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Fiscal debacle

a photograph of dollar bills
Flickr photo by borman818

Whatever you want to call it — “fiscal cliff,” “fiscal slope” or “fiscal obstacle course” — if Congress and President Barack Obama don’t act, automatic tax increases and spending cuts will begin to kick in on January 1, 2013. And if they permanently fail to act, the economy could be thrown back into recession.

The automatic, across-the-board “sequestration” cuts totaling $1.2 trillion over 10 years would be particularly devastating (PDF), affecting vital services, including education, food safety, disaster relief and law enforcement.

But we don’t have to go down that road. We don’t have to fall victim to lawmakers who are willing to impose crippling austerity measures on the nation.

One simple solution can significantly help fill the budget gap: a financial speculation tax.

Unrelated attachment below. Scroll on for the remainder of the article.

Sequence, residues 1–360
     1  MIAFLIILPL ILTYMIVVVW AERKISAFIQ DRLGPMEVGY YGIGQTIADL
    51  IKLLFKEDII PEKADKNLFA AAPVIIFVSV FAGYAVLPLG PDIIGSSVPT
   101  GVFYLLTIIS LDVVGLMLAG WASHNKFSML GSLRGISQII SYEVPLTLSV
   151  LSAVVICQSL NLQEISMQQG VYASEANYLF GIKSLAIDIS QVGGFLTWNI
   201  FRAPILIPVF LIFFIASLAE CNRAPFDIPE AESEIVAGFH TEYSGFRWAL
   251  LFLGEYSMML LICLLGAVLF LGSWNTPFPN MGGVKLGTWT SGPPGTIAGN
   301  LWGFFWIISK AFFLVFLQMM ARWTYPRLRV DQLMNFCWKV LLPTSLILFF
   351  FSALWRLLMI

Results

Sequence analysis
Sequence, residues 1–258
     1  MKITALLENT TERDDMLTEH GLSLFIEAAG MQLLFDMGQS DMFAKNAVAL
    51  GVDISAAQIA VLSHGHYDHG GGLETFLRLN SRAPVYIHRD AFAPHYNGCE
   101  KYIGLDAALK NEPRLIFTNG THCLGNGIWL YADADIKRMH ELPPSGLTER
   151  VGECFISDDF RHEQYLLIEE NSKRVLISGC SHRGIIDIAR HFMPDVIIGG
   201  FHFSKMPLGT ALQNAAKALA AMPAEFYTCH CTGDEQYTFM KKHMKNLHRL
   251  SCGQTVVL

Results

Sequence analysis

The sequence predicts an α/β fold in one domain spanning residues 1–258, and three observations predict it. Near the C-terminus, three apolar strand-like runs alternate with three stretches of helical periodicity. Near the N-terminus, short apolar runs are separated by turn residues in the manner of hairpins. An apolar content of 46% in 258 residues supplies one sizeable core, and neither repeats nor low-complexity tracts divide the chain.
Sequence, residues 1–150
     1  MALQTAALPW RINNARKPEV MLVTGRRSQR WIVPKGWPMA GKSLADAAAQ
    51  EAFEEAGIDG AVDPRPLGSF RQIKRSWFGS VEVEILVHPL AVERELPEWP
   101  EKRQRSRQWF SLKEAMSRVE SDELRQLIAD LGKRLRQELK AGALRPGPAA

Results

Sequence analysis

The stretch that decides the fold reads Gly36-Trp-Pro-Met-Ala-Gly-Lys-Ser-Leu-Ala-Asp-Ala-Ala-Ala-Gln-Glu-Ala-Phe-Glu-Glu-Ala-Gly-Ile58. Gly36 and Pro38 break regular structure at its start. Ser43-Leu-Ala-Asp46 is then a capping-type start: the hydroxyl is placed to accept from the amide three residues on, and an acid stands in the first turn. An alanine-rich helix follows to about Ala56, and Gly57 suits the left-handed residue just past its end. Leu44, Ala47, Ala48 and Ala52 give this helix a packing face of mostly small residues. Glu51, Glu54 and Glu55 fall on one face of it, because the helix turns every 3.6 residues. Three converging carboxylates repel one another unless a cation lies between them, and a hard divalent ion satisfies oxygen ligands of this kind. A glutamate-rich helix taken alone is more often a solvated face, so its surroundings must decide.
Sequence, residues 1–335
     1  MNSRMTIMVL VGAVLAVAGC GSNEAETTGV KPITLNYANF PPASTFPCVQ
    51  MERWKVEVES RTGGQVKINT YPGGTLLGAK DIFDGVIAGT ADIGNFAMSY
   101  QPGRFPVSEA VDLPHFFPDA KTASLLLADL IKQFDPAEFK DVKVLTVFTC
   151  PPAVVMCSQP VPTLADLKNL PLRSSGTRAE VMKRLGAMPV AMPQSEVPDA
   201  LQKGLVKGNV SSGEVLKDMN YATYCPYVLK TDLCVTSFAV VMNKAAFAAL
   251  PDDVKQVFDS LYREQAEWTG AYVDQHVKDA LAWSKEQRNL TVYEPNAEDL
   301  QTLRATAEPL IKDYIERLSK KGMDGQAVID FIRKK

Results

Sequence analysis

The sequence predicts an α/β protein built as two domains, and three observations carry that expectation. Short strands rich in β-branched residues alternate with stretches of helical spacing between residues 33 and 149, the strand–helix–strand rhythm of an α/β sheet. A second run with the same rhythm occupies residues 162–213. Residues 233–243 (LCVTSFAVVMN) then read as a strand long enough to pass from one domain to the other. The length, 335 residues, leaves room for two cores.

The Wall Street Trading and Speculators Tax Act (S. 1787, H.R. 3313), introduced by Sen. Tom Harkin (D-Iowa) and Rep. Peter DeFazio (D-OR), would impose a 0.03 percent fee (three pennies on $100) on the transfer of stocks, bonds and derivatives.

According to the nonpartisan Joint Committee on Taxation, this bill would generate more than $350 billion in revenues over the next ten years. Alone, that amount would fill 30 percent of the “sequestration” gap.

And that’s not all.

In addition to generating hundreds of billions of dollars to address our budget problems, a financial speculation tax would discourage dangerous high frequency trading (PDF) that causes flash crashes and losses in investor confidence, which damage our financial markets. And because the fee is so small, it would have virtually no impact on ordinary investors’ trading activities.

Sounds like a win-win to me.

Tell President Obama and your members of Congress to keep a financial speculation tax on the menu of options as the fiscal “fill in the blank” debate proceeds.

For more about Public Citizen’s efforts to stabilize our financial system, visit citizen.org/financial-stability.

Micah Hauptman is Public Citizen’s financial policy counsel. Follow him on Twitter at @Micah_Citizen.